Coalition for the ICC

On 17 July 2019, the world witnessed the commemoration of the International Justice Day and celebrated the 21st anniversary of the Rome Statute of the International Criminal Court (ICC). On this day, civil society organisations came together to share their views on the need for international justice, the current state of the Court, its achievements, challenges and how we can fulfil the promises of Rome.

On International Justice Day, Coalition for the ICC gathered voices of its members to help remind everyone that it’s our responsibility to ensure the effective delivery of justice and redress for victims of the gravest crimes.

Kirsten Meersschaert, Director of Programs, Coalition for the ICC talked about the importance of accountability and our role in ensuring international justice. "Accountability is an important component of preventing violent conflict and is the only way to provide true redress to victims. States, the ICC, civil society, and people the world over must each do their part to ensure that the international justice system created by the Rome Statute 21 years ago lives up to its promise and ends the far too long-lasting history of impunity," remarked Ms. Meersschaert.

Many civil societies also held events, discussions and shared views on the importance to strengthen the Court during these challenging times.

On International Justice Day, the Permanent Missions of Argentina, Ecuador, Liechtenstein, the Netherlands, Norway, Senegal, Sierra Leone and Spain as well as Parliamentarians for Global Action hosted a high-level side event to commemorate the historic adoption of the Rome Statute of the ICC on 17 July 1998 and to highlight the crucial role of international criminal justice in achieving Sustainable Development Goal16 (SDG16). The event offered a unique high-level platform for States Parties and other international partners to publicly highlight their efforts to support the implementation of SDG16 including their efforts to support the work of the ICC and other international justice institutions and initiatives.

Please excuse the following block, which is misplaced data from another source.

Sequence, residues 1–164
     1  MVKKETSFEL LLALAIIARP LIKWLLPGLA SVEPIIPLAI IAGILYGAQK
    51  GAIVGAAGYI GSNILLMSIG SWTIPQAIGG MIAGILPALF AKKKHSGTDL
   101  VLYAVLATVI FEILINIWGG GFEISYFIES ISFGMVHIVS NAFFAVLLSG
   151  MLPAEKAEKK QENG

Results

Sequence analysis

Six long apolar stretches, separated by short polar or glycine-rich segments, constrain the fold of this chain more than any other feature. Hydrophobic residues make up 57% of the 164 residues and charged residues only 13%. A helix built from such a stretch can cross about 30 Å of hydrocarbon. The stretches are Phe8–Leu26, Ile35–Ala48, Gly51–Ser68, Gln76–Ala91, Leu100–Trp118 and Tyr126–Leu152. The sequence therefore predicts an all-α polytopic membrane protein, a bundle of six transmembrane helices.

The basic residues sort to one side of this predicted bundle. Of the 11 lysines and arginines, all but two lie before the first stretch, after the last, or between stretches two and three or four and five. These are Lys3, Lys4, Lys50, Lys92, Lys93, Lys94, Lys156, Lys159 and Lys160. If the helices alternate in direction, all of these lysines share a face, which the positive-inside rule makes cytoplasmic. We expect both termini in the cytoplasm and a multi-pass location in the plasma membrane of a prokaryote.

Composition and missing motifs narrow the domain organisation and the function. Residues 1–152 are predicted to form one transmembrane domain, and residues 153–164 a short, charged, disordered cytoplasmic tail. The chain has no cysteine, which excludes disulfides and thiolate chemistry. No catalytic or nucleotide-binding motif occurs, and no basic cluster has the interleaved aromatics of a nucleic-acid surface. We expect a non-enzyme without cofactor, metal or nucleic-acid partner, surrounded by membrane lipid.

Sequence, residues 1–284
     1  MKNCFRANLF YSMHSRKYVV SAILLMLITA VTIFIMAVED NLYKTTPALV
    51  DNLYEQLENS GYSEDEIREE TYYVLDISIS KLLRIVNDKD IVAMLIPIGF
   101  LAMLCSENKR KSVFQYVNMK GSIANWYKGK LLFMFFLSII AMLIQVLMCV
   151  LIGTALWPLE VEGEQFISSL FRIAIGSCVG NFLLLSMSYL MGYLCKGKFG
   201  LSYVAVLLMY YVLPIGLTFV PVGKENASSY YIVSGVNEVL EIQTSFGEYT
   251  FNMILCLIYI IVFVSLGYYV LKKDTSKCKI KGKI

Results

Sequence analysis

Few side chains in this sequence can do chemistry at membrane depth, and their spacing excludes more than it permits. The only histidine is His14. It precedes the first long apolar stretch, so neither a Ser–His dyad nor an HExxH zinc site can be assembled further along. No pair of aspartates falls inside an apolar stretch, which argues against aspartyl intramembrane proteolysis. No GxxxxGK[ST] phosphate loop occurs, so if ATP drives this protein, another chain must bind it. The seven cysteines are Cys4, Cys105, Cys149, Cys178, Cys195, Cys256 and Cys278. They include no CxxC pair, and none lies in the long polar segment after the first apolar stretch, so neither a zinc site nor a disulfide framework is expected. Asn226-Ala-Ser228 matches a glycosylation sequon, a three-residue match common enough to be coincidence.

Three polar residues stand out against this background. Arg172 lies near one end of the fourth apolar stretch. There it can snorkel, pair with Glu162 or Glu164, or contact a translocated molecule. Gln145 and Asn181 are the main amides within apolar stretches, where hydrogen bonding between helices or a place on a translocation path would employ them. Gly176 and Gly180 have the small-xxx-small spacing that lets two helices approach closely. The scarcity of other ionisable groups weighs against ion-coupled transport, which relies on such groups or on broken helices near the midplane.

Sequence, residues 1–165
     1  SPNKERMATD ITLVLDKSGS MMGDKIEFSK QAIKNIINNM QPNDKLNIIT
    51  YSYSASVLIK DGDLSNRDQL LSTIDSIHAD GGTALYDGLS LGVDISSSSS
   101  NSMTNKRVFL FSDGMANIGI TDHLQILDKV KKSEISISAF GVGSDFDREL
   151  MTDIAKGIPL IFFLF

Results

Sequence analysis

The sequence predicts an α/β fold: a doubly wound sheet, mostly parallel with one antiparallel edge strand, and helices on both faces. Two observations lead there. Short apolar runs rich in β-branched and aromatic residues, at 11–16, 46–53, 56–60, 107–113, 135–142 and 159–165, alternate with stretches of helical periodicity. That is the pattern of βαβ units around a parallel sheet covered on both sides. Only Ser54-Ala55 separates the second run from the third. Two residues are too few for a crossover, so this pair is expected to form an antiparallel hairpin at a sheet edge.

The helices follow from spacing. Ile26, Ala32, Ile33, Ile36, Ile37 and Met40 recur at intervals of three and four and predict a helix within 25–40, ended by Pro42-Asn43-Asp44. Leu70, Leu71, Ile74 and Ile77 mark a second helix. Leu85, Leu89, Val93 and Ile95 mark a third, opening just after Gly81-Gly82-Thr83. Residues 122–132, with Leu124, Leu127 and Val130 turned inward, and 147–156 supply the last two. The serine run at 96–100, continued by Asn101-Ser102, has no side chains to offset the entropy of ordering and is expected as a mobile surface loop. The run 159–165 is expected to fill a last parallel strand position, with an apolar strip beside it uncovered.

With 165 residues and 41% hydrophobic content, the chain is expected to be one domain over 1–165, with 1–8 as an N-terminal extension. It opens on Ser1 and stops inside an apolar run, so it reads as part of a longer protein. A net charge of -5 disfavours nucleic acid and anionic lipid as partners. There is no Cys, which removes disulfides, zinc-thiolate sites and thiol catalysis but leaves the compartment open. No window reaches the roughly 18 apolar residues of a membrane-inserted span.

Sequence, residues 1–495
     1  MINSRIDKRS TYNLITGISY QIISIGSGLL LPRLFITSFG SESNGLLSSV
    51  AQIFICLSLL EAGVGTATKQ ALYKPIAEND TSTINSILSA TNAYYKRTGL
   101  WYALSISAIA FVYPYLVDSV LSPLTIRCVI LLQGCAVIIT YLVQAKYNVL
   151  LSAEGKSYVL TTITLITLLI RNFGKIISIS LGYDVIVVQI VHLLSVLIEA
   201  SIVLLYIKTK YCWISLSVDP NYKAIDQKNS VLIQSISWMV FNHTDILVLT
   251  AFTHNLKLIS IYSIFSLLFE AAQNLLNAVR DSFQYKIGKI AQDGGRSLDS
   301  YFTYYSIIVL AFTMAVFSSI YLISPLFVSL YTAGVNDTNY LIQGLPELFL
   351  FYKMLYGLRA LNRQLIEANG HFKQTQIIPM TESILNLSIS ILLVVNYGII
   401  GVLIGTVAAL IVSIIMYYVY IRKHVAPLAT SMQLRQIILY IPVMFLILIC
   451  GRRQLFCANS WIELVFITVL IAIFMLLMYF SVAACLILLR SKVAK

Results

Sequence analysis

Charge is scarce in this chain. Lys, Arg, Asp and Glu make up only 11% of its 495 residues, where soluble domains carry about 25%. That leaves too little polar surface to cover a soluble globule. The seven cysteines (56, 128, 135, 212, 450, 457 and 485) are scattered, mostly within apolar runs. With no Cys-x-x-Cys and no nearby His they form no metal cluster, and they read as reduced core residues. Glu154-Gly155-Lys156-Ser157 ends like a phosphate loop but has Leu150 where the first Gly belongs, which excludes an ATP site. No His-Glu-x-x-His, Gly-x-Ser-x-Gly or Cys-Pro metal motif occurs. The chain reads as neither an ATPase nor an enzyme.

“Accountability is as a prerequisite for peace, stability and sustainable development based on the effective protection of human rights,” Parliamentarians for Global Action (PGA) President Margareta Cederfelt, MP (Sweden), emphasized this message as she joined the President of the ICC, Judge Chile Eboe-Osuji, to address before the UN in New York: “there is no lasting peace without justice and no justice as long as there is impunity.” PGA’s members also stated that it will stay united and put an end to crimes that threaten global peace, commit to utilizing their full legislative and political prerogatives in the fight against impunity, and call upon others to join them.

The ICC and the International Center for Transitional Justice (ICTJ) hosted an event in Gulu, northern Uganda, where they discussed the trial of Dominic Ongwen, which is currently ongoing at the ICC, the situation of victims as they wait for the trial to conclude, the limited the scope of the ICC investigation in northern Uganda, and the ICC’s methodology for identification of victims and witnesses for participation in the trial. Speaking at the opening of the ceremony, Maria Mabinty Kamara, the ICC Outreach Coordinator in Uganda reiterated the significance of the ICC and noted that the possibility of reparations at the end of the trial. “The ICC is dedicated to bringing to justice some of the world’s most heinous crimes. Without justice, there can be no lasting peace. There will be requests for reparations at the end of the trial by victims if there is conviction,” she said.